Kotzian’s surgery was moved up to Nov. 3, 2020. She had to go through COVID-19 safety precautions, which included getting tested for the virus three days before the surgery.

Nerve decompression surgery, or laminectomy, helps create more space in the spinal column to relieve pressure on the spinal cord or nerves. During a routine surgery, Kleck said, he works on one or two nerve decompressions. A more severe procedure entails three or four levels. Kotzian’s condition required that Kleck and his partner work on 13 levels of decompression.

Each level, Kleck said, typically takes about 30 minutes to an hour. With Kotzian, he and his partner were also fusing her spine at the same time, putting in screws and rods to help stabilize her spine.

“It’s more difficult the more levels you do and, in this case, it was more complicated because of her stature. The anatomy is slightly different. That’s why I needed one of my partners, so we could get through it quicker,” Kleck said.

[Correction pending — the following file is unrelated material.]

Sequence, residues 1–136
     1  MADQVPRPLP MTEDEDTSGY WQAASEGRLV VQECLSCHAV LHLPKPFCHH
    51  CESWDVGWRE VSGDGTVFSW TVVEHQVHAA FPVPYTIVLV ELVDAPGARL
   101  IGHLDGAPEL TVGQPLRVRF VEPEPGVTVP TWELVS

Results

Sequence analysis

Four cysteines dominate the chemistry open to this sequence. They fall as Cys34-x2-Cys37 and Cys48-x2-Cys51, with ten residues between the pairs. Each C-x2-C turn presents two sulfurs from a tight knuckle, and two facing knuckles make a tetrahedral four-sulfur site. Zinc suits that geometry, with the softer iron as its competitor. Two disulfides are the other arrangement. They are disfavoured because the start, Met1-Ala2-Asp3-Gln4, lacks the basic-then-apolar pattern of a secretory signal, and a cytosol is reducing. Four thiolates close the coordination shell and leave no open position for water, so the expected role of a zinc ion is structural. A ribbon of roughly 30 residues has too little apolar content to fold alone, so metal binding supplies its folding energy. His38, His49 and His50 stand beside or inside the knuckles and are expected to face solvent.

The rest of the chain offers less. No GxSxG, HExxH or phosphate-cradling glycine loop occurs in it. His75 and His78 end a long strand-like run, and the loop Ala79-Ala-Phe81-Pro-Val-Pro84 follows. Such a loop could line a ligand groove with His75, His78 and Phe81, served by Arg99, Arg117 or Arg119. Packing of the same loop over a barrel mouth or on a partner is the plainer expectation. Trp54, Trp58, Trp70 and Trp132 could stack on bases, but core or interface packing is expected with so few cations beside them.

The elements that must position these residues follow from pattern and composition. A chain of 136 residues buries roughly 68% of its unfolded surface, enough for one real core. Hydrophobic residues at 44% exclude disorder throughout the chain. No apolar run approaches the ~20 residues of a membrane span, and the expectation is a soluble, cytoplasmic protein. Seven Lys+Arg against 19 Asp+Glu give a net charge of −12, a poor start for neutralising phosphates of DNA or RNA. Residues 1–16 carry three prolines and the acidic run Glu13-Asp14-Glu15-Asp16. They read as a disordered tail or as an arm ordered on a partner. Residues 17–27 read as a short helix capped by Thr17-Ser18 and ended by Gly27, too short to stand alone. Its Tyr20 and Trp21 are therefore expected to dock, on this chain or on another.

The surgery was a success but that didn’t mean Kotzian was ready to walk out of the hospital. Because of the complex nature of the surgery, she had months, if not years, of rehabilitation in front of her.

Though the surgery went well, Kotzian initially felt let down after it was over. Though her swelling and blood pressure went down immediately after surgery, she still felt numbness and burning sensations.

“It was very emotional for me. I just felt like it would be so much better after, and it’s just taken time,” she said.

Care givers cheer for Barb Kotzian, who was born with dwarfism, as she rounds a corner at UCHealth Broomfield Hospital after rehab following her spine surgery.